BOWEN V. N1IlEDLE8 NAT. BAH.
insufficient. It Is not Improbable that he would cock his pistol on approaching the spring, and carelessly proceeded to inspect the interior of the spring after getting there, without thinking of the condition of his pistol. In examining for squirrel holes that might exist under the cement wall, he would naturally lean over the spring, and in so doing he would quite as naturally grasp the side of the low doorway near him. It is not improbable that he would do this with the pistol still in his hand. As he leaned forward over the spring, examining its interior,-unmindful, in his interest in what he was doing, of any danger,-the pressure of his weight on the hand by which he was supporting himself probably discharged the pistol while the arm holding it was extended at its full length, or nearly so. This explains those features of the case not otherwise explainable, and yet necessary to be explained in determining the question at issue. All minds may not agree as to the deductions thus drawn from the facts in evidence, but if the jury made these deductions, as they must have done, the court cannot, upon any argument of a different conclusion, overrule them and set their ver· diet aside. The motion is denied.
BOWEN v. NEEDLES NAT. BANK. (Circuit Court, S. D. California. February 1, 1897.) No. 652. A complaint, on bills of exchange, filed by the payee against the drawer, may be amended by joining an additional cause of action based on defendant's promise to pay certain checks of a third party, upon which plaintiff had advanced the amount therein called for, since this is kindred in character to the original causes of action, and might originally have been joined with them.
CAUSE OF ACTION.
This was an action atlaw by Abner T. Bowen against the Needles National Bank on certain bills of exchange. The case was heard on defendant's motion to strike out from the amended complaint certain parts thereof, which set up a new cause of action. Works & Lee, for plaintiff. Gardiner, Harris & Rodman and H. C. Dillon, for defendant. WELLBORN, District Judge. Three causes of action are set up in the original complaint, each on a bill of exchange, of which the plaintiff was the payee and the defendant the drawer. Under a general leave of the court to amend his pleadings, plaintiff filed an amended complaint, which embraces all the matters set forth in the original complaint, together with another, and fourth, cause of action, based upon defendant's promise to pay certain checks of a third party, upon which plaintiff had advanced the amounts therein called for. The pending motion is to strike out this latter part of the amended COlDplaint, on the ground that it introduces a new cause of action. The question is not free from difficulty, and the motion has been submitted
. 79; FEDlDRAL. RlDPOR'l'ER.
without citation of authorities ot argument. I have made such reo search, however, as was practicable, and the cases below cited are more nearly in point than 8.ny others which I have been able to find. Upon the authority of these cases, I hold that since the new cause of action is kindred in character to the others, and might have been originaIIy joined with them, all being based upon contracts, its introduction by amended complaint is allowable. Tiernan v. Woodruff, 5 McLean, 13'5, 23 Fed. Cas. 1203; Tilton v. Oofield, 93 U. S. 166; U. S. v. Seventy-Six Thousand One Hundred and Twenty-Five Cigars, 18 Fed. 150; Estee, PI. & Prac. § 4445; Anderson v. Mayers, 50 Oal. 525; Atkinson v. Canal Co., 53 Cal. 102; Railroad Co. v. Wyler, 158 U. S. 285, 15 Sup. Ct. 877. denied.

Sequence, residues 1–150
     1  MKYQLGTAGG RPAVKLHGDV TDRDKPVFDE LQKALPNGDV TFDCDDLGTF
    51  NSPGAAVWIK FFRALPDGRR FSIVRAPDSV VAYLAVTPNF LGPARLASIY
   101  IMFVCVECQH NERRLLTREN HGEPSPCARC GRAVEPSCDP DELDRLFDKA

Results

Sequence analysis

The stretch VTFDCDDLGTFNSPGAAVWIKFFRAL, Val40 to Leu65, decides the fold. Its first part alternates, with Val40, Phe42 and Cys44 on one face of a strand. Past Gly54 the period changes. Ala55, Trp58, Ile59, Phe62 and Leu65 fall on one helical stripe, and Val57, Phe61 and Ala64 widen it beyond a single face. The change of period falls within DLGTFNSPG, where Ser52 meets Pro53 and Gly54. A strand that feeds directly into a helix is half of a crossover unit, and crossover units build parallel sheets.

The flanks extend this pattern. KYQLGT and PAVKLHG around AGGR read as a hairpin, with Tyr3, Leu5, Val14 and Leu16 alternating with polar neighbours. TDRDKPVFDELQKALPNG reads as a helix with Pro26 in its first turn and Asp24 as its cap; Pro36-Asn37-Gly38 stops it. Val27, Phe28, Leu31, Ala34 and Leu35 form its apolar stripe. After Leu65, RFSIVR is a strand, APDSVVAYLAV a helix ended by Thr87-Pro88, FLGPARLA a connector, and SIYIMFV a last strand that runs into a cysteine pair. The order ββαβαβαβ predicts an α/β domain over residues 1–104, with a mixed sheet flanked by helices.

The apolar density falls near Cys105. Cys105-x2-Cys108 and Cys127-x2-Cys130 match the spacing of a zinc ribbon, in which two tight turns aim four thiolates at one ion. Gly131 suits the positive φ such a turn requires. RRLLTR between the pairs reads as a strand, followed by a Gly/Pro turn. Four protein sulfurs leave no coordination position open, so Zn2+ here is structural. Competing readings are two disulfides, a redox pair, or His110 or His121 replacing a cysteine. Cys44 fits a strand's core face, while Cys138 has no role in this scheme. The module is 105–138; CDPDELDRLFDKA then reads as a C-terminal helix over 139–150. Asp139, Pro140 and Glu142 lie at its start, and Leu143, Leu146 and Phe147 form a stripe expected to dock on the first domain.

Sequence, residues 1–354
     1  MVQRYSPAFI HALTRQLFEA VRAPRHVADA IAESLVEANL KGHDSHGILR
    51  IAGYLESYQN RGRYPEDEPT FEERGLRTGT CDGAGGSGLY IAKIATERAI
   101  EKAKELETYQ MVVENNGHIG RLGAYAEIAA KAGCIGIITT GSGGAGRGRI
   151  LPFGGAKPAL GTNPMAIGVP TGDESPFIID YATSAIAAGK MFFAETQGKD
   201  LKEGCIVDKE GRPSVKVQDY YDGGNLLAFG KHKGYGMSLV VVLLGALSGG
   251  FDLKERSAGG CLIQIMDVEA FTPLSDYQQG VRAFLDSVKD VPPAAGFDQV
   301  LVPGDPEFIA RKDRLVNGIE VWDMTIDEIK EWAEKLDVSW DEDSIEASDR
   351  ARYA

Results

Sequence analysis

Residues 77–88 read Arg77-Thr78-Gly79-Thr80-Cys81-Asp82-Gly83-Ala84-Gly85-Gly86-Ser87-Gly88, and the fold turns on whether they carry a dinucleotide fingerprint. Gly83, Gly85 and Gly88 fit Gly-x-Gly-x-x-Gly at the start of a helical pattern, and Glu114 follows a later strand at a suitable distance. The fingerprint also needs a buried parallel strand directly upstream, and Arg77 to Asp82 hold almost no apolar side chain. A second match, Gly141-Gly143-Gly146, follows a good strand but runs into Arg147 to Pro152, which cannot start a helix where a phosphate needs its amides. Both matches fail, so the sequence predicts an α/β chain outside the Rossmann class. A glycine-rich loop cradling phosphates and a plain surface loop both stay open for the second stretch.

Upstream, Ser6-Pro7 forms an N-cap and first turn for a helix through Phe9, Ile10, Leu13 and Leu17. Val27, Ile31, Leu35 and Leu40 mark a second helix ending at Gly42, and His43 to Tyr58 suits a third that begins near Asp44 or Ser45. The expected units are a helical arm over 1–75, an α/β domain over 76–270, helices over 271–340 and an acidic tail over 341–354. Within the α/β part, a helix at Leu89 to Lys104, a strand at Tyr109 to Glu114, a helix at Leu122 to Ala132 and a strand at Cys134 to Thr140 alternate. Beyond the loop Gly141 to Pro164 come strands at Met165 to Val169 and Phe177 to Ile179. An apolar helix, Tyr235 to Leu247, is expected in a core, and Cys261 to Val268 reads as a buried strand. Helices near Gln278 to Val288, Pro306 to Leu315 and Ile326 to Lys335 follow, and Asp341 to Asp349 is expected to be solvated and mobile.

HAWKINS v. STATE LOAN & TRUST CO. (Circuit Court, S. D. California. February 1, 1897.)
LIMITATION OF ACTIONS-CONVERSION OF CHATTEl,S.
An action by the receiver of an insolvent national bank, in which It Is alleged that the defendant, to which negotiable paper was sent by the bank for collection, appropriated the proceeds thereof, and refused to pay the same over on demand, is an action for the conversion of chattels. and is governed by the limitation fixed by subdivision 3 of section 338 of the California Code of Civil Procedure relating to actions for "taking, detaining, or injuring any goods or chattels."
E. T. Dunning and John W. Kern, for plaintiff. Gardiner, Harris & Rodman, for defendant. WELLBORN, District Judge. Plaintiff alleges that he is the duly appointed and qualified receiver of the Indianapolis National Bank of Indianapolis, Ind., having been appointed on the 3d day of August, 1893, and having qualified on the 8th day of the same month, and that the defendant is a corporation duly organized under the laws and a citizen of the state of California; th'at on the 1st day of June, 1893, said National Bank forwarded to defend'ant for collection on account of said National Bank, a draft, on a person therein named, for $996.39, payable 90 days after date; that defend'ant, at the maturity of said draft,' collected the money due on said draft, "and, notwithstanding the fact that it had full knowledge of the insolvency and failure of said Indianapolis National Bank, and of the appointment of this plaintiff as receiver thereof, it appropriated the said sum to its own use, and refUsed, and still refuses, to pay the same over to plaintiff, though often requested by him so to do." Defendant has demurred to the complaint on the ground that the same is barred by the statute of limitations of the state of California, and contends that the limitation applicable is th'at contained in subdivision 1 of section 339 of the Oode of Civil Procedure of California, while plaintiff contends, that subdivision 3 of section 338 of the Code of Civil Procedure of California applies. The period prescribed in the former section is two years, and would bar the action. The period prescribed in the latter section is three